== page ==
The Times, 8th May 2001

The death has been announced of Major David Jamieson VC, Royal Norfolk Regiment, at his home in Burnham Market, Norfolk. His death occurred on the 5th May 2001 and he was later buried in Burnham Norton Cemetery.

Captain David Jamieson won the Victoria Cross for the magnificant leadership and courage he displayed in the desperate battle for the bridgehead on the River Orne in Normandy, which had been gained in August 1944 by the men of The Royal Norfolk Regiment during the breakout after the D-Day landings.

In a dangerous period, during which his company was repeatedly assaulted by overwhelmingly powerful German armoured forces, Jamieson kept a cool head and displayed resolve and tactical skills which, over a period of 36 hours, held the Norfolk's hard-won position and eventually repulsed the enemy's tanks.

For the award of the Victoria Cross

[ London Gazette, 26 October 1944 ] River Orne, Grimbosq, France, 7 - 8 August 1944, Captain David Auldgo Jamieson, Royal Norfolk Regiment

Captain Jamieson was in command of a Company of The Royal Norfolk Regiment which established a bridgehead over the River Orne, south of Grimbosq in Normandy. On 7th August 1944 the enemy made three counter-attacks which were repulsed with heavy losses. The last of these took place at 18:30 hours when a German Battle Group with Tiger and Panther tanks attacked and the brunt of the fighting fell on Captain Jamieson's Company. Continuous heavy fighting ensured for more than four hours until the enemy were driven off, after suffering severe casualties and the loss of three tanks and an armoured car accounted for by this Company. Throughout these actions, Captain Jamieson displayed outstanding courage and leadership, which had a decisive influence on the course of the battle and resulted in the defeat of these determined enemy attacks.

On the morning of 8th August, the enemy attacked with a fresh Battle Group and succeeded in penetrating the defences surrounding the Company on three sides. During this attack two of the three tanks in support of the Comapny were destroyed and Captain Jamieson left his trench under close range fire from enemy arms of all kinds and went over to direct the fire of the remaining tank, but as he could not get in touch with the commander of the tank by the outside telephone, he climbed upon it in full view of the enemy. During this period Captain Jamieson was wounded in the right eye and left forearm but when his wounds were dressed he refused to be evacuated. By this time all the other officers had become casualties so Captain Jamieson reorganised his Company, regardless of personal safety, walking amongst his men in full view of the enemy, as there was no cover.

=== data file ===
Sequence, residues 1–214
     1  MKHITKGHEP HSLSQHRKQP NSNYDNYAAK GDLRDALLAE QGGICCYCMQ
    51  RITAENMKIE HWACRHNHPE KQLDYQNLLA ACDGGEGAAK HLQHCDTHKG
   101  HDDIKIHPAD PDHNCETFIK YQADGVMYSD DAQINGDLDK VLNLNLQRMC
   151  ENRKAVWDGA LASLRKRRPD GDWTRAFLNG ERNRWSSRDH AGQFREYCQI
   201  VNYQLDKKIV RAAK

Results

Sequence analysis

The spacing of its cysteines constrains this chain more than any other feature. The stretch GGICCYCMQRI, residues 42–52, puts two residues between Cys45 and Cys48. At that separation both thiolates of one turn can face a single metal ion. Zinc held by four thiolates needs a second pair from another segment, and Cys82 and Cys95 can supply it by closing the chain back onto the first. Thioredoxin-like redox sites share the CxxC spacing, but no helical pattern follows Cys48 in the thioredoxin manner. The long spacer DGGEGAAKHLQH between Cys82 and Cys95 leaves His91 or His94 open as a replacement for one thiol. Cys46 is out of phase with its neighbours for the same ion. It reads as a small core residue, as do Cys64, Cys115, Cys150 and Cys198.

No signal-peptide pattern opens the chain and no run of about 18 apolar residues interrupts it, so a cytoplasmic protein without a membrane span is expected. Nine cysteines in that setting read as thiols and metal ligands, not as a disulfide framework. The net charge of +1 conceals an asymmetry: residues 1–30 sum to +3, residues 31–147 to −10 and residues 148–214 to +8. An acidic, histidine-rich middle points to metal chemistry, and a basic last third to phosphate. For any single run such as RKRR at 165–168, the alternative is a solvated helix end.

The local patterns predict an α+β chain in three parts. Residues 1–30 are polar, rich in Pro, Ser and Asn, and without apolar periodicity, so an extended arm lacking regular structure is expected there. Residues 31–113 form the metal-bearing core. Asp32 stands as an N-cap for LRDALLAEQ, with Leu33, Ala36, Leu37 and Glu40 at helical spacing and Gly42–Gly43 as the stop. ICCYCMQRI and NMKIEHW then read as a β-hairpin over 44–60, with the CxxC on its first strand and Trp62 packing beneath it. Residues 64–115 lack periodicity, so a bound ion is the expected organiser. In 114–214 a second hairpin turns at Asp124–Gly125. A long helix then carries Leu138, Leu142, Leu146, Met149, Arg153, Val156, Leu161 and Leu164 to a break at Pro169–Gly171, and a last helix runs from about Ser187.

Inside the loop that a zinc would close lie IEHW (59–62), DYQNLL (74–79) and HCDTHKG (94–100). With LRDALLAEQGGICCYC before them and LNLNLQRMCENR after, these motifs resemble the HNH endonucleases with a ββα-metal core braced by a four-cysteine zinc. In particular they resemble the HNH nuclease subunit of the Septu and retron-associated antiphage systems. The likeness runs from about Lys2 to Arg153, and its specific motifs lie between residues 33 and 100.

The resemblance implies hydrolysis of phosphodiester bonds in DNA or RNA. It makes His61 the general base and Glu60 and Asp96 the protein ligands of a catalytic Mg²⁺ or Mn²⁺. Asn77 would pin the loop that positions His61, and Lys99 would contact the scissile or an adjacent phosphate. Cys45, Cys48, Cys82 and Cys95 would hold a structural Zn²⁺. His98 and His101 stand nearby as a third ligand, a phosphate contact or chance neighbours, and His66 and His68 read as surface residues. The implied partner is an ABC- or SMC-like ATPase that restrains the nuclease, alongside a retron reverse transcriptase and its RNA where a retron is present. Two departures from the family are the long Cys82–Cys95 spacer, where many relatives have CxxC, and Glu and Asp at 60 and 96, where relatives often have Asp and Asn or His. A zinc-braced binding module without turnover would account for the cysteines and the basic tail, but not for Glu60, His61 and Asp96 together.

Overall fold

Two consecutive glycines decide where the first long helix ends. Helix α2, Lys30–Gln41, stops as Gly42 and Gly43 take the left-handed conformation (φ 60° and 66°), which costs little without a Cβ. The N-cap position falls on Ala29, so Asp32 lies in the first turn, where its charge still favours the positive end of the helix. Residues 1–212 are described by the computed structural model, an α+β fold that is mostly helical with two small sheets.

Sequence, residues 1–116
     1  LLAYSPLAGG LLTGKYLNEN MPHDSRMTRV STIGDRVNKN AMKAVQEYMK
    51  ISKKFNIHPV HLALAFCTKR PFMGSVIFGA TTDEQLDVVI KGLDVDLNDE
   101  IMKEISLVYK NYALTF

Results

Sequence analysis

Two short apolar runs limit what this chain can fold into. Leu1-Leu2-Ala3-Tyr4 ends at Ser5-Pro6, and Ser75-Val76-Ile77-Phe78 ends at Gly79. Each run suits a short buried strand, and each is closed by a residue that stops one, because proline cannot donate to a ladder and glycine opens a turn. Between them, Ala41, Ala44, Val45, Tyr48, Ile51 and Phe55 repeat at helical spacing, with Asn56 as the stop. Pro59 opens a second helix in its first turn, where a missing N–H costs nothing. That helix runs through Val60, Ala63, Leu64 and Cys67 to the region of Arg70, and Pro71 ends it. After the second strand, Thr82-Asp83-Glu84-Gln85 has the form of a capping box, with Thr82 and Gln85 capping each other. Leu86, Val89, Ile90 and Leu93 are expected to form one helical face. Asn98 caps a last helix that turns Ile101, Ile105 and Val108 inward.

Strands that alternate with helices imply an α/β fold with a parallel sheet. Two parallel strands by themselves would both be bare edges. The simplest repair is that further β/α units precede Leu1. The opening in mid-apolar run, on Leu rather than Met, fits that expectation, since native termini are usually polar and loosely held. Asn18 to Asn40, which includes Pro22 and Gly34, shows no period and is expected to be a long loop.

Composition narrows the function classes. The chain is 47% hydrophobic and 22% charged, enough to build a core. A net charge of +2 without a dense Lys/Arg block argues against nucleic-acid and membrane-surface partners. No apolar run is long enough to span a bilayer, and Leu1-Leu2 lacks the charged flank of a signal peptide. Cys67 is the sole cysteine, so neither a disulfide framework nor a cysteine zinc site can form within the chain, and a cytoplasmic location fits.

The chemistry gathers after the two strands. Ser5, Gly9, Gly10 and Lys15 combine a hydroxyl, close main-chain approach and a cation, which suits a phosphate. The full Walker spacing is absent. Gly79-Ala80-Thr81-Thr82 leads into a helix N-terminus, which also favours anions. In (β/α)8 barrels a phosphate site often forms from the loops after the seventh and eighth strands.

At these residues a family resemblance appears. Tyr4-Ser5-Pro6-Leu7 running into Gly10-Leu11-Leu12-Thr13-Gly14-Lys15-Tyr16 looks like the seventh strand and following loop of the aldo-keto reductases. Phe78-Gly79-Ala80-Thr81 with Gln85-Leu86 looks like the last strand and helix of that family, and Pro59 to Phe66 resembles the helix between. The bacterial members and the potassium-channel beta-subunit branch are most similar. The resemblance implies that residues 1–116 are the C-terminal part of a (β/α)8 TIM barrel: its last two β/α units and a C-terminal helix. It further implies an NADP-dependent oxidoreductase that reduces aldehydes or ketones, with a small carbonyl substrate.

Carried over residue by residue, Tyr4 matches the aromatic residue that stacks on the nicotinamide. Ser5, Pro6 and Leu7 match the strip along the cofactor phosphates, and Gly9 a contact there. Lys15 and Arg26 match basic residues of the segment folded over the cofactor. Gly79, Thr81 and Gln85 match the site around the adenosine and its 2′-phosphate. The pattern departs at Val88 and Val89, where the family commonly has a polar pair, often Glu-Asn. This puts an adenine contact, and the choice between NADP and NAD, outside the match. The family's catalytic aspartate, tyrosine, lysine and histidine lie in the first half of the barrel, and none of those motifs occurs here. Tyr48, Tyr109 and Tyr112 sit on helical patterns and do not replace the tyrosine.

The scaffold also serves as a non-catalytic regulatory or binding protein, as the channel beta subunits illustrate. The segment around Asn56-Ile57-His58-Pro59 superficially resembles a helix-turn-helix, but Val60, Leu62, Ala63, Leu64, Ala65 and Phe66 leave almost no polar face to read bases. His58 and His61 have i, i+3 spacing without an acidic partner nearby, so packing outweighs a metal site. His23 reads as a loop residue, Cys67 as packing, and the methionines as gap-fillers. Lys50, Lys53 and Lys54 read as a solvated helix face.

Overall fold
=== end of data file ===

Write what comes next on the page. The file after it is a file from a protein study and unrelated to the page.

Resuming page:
The enemy counter-attacked the Company three more times during that day with infantry and tanks. Captain Jamieson continued in command, arranging for artillery support over his wireless and going out into the open on each occasion to encourage his men. By the evening the Germans had withdrawn, leaving a ring of dead and burnt out tanks round his position.

Throughout this thirty-six hours of bitter and close fighting, and despite the pain of his wounds, Captain Jamieson showed superb qualities of leadership and great personal bravery. There were times when the position appeared hopeless, but on each occasion it was restored by his coolness and determination. He personally was largely responsible for the holding of this important bridgehead over the River Orne and the repulse of seven German counter-attacks with great loss to the enemy.

David Jamieson was invested with his Victoria Cross by King George VI at Buckingham Palace on the 22nd November 1944.

Medal entitlement of Major David Jamieson - Royal Norfolk Regiment

  • Victoria Cross
  • Commander, Royal Victoria Order ( CVO )
  • 1939-45 Star
  • France & Germany Star
  • Defence Medal ( 1939-45 )
  • War Medal ( 1939-45 )
  • Queen Elizabeth II Coronation Medal ( 1953 )
  • Queen Elizabeth II Silver Jubilee Medal ( 1977 )

VC Deaths

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Iain Stewart, 9 May 2001